Sleep, Melatonin, and Mast Cells
A 2021 study published in the Journal of Pineal Research has found a link between mast cells, pineal glands, and circadian rhythms (13). Researchers discovered that your mast cells not only play a role in protecting your body from pathogens and inflammation but have a crucial role in your sleep cycle. Histamine and melatonin both play a role in sleep. The study suggests targeting both histamine and melatonin to restore circadian rhythms and reduce mast cell-related diseases.
Inflammation, Melatonin, and Mast Cells
A 2010 animal study published by Pharmacological Research has found that mast cells show the presence of MT1 and MT2 melatonin membrane receptors. Results indicate that mast cell activation may result in melatonin synthesis and secretion. This may suggest that melatonin may help to regulate inflammatory reactions caused by your mast cells (14).
Research suggests that melatonin may reduce mast cell activation, histamine release, and inflammation. A 2017 review published in the International Journal of Endocrinology has found that melatonin receptors in your mast cells may help to regulate inflammatory pathways and melatonin may help to reduce inflammation (15).
Chronic Disease, Melatonin, and Mast Cells
Poor melatonin levels have been linked to many diseases, including neurodegenerative conditions and cancer (16, 17, 18). It’s important to note that mast cell activation has been linked to several of these diseases as well.(19, 20, 21). It will be interesting to follow the research to determine if the mast cell-melatonin relationship is a core component of these diseases, which include multiple sclerosis, Alzheimers and malignancies.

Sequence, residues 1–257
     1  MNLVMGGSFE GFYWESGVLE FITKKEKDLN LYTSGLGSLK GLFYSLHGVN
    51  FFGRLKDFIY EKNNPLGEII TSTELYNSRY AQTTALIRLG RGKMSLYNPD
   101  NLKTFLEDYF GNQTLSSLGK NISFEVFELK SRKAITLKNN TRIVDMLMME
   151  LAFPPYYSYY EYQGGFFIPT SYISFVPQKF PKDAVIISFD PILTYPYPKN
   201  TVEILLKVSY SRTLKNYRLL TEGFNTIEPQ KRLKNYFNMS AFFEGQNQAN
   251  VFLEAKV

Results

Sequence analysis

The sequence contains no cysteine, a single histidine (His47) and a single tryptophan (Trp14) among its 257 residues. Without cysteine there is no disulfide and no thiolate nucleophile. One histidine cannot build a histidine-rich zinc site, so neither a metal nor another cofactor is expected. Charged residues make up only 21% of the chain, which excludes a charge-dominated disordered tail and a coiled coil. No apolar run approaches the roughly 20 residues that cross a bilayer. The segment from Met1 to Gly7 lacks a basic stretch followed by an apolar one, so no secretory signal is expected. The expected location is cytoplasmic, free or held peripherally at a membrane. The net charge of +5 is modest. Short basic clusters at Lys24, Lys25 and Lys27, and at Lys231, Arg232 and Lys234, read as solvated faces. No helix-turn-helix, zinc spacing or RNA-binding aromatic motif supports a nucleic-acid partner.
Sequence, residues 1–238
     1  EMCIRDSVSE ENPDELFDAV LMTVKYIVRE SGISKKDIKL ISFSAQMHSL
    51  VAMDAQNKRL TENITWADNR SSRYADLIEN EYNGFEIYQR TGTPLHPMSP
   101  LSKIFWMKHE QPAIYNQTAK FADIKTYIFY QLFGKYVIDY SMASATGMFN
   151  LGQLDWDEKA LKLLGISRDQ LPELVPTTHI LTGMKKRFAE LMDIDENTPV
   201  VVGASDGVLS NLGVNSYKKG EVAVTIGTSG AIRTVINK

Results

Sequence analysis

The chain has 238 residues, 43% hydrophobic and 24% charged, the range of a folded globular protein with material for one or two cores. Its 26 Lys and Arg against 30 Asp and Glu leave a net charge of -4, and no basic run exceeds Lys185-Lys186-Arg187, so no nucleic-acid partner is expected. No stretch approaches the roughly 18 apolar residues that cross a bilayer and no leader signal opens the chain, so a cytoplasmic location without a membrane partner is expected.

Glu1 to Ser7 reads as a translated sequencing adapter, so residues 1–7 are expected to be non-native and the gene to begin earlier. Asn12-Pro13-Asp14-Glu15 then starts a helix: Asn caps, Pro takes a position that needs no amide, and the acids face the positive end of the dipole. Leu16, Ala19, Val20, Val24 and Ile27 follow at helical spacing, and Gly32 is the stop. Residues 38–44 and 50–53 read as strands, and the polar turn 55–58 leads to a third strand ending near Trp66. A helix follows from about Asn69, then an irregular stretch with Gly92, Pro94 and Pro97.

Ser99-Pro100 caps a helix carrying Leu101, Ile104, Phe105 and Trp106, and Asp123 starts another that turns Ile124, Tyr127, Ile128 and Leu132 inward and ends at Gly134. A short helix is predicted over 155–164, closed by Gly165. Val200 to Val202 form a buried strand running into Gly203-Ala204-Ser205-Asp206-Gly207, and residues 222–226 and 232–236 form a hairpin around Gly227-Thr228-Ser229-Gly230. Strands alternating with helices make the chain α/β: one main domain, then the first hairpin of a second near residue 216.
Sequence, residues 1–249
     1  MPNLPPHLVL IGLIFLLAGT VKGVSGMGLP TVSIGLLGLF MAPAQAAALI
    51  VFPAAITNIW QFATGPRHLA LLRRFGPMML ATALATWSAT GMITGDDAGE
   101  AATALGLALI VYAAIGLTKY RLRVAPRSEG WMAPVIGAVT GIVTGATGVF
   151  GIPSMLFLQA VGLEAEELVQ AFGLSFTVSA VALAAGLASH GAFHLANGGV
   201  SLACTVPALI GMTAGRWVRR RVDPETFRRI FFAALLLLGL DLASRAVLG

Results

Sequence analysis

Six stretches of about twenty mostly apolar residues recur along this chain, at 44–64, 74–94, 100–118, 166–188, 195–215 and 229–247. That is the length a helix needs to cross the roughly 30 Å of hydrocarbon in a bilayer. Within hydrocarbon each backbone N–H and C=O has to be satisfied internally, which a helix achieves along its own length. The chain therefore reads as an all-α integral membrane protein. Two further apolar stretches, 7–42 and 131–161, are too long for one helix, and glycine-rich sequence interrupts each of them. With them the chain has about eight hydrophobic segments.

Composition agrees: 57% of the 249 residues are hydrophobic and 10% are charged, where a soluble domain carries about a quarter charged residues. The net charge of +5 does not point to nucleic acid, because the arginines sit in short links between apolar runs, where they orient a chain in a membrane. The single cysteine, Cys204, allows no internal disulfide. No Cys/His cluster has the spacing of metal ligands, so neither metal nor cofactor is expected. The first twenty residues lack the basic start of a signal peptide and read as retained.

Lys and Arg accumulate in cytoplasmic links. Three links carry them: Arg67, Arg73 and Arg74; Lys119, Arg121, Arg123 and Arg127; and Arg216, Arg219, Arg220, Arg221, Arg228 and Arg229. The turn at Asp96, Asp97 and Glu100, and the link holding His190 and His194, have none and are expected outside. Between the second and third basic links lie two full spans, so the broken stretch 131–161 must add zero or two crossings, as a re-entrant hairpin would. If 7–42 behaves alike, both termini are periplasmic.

Allergic and Skin Reactions, Melatonin, and Mast Cells
Melatonin may also help to reduce allergic reactions linked to eczema, dermatitis, asthma, and other allergic conditions. According to a 2013 study published in the Journal of Neuroimmunology, melatonin helps to protect your mast cells from chemical stimuli and related inflammation (22). A 2020 study published in the Journal of Basic and Clinical Health Sciences showed that melatonin may help to reduce allergic inflammatory reactions in allergic rhinitis (23).
Stress, Melatonin, and Mast Cells
Stress may also trigger your mast cells and histamine release and lead to symptoms. It seems that melatonin may be able to reduce stress-related reactions, such as skin issues. A 2005 animal study published in Acta Histochemica has found that melatonin treatment may help to decrease stress-induced mast cell degranulation in the dermis (24).
By far the most important recommendation I can make for protecting your melatonin levels is avoidance of artificial light and blue screens well into the night. It is important to shut off electronic devices one hour before your designated sleep time. The old adage “down when the sun goes down, up when the sun comes up” carries some truth, albeit not practical in the strictest sense for modern living. Still though, the fact that light pollution can dramatically interfere with melatonin production is important to consider.